US20050179652A1 (en) * 2004-02-13 2005-08-18 Ludwig Lester F. Mouse-based user interface device employing user-removable modules
US7620915B2 (en) * 2004-02-13 2009-11-17 Ludwig Lester F Electronic document editing employing multiple cursors
US20100064238A1 (en) * 2004-02-13 2010-03-11 Lester Frank Ludwig Electronic document editing employing multiple cursors
US20100060607A1 (en) * 2004-02-13 2010-03-11 Ludwig Lester F User interface mouse with touchpad responsive to gestures and multi-touch
US7557797B2 (en) 2004-02-13 2009-07-07 Ludwig Lester F Mouse-based user interface device providing multiple parameters and modalities
US9417716B2 (en) 2004-02-13 2016-08-16 Chemtron Research Llc Mouse-based user interface device employing user-removable modules
US20080238876A1 (en) * 2004-03-22 2008-10-02 Avago Technologies Ecbu Ip (Singapore) Pte. Ltd. Contaminant-resistant optical mouse and cradle
US8730168B2 (en) * 2004-03-22 2014-05-20 Pixart Imaging Inc. Contaminant-resistant optical mouse and cradle
WO2005106640A1 (en) * 2004-04-30 2005-11-10 Aleksandr Nikolaevich Rukin Cursor control device
US20100134414A1 (en) * 2007-04-13 2010-06-03 Acco Brands Usa Llc Input apparatus with ball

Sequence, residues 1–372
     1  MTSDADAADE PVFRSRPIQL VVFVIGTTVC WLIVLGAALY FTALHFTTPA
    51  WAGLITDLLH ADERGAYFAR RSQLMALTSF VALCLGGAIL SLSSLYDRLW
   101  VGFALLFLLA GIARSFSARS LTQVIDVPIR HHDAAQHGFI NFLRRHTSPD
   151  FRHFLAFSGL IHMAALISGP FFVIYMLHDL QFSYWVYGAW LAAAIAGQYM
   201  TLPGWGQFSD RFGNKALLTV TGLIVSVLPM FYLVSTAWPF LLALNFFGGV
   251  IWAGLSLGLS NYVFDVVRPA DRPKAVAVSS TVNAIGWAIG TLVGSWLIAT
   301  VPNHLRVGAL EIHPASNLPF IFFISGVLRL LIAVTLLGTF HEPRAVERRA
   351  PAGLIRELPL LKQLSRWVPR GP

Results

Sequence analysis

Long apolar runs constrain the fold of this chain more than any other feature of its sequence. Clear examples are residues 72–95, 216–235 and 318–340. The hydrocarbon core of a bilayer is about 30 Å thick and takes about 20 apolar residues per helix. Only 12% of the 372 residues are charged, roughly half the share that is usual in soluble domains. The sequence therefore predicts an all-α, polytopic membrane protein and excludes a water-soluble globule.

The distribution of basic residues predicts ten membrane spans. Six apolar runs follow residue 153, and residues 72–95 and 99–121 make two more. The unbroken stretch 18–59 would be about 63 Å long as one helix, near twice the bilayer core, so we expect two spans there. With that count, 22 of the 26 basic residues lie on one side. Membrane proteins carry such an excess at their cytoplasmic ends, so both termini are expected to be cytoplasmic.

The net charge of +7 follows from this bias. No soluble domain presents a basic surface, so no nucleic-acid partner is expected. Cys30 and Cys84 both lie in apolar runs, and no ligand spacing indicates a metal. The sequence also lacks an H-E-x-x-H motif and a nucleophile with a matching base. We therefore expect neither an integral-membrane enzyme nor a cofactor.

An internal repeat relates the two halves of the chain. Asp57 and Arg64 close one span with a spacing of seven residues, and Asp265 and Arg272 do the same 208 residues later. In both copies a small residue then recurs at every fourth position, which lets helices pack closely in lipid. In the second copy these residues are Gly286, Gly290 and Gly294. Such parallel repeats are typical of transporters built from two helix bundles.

Similar Documents

Publication Publication Date Title
US6256011B1 (en) Multi-function control device with force feedback
US5528265A (en) Orientation-operated cursor control device
US5841423A (en) Multifunction space bar for video screen graphics cursor control
US5313230A (en) Three degree of freedom graphic object controller
US6031518A (en) Ergonomic input device
US5982356A (en) Ergonomic computer cursor control apparatus and mount
US5963197A (en) 3-D cursor positioning device
US20010050673A1 (en) Ergonomic fingertip computer mouse
US5572237A (en) Pointing device for a portable computer
US5479192A (en) Multifunction space bar for video screen graphics cursor control
US20070291007A1 (en) Method and system for switching between absolute and relative pointing with direct input devices
US6181322B1 (en) Pointing device having selection buttons operable from movement of a palm portion of a person's hands
US20030025673A1 (en) Input device including a wheel assembly for scrolling an image in multiple directions
US5945981A (en) Wireless input device, for use with a computer, employing a movable light-emitting element and a stationary light-receiving element
US6359611B2 (en) Finger controlled computer mouse
US20040032392A1 (en) Mouse pen device having remote-control function
US5260696A (en) Multiple signaling mouse with faceted surfaces
US6556150B1 (en) Ergonomic computer input device
US5805144A (en) Mouse pointing device having integrated touchpad
US5767841A (en) Two-sided trackball
US20040140954A1 (en) Two handed computer input device
US5280276A (en) Combination mouse/trackball input device
US7164412B2 (en) Key free mouse
US6151015A (en) Pen like computer pointing device
US20080297476A1 (en) Ambidextrous Mouse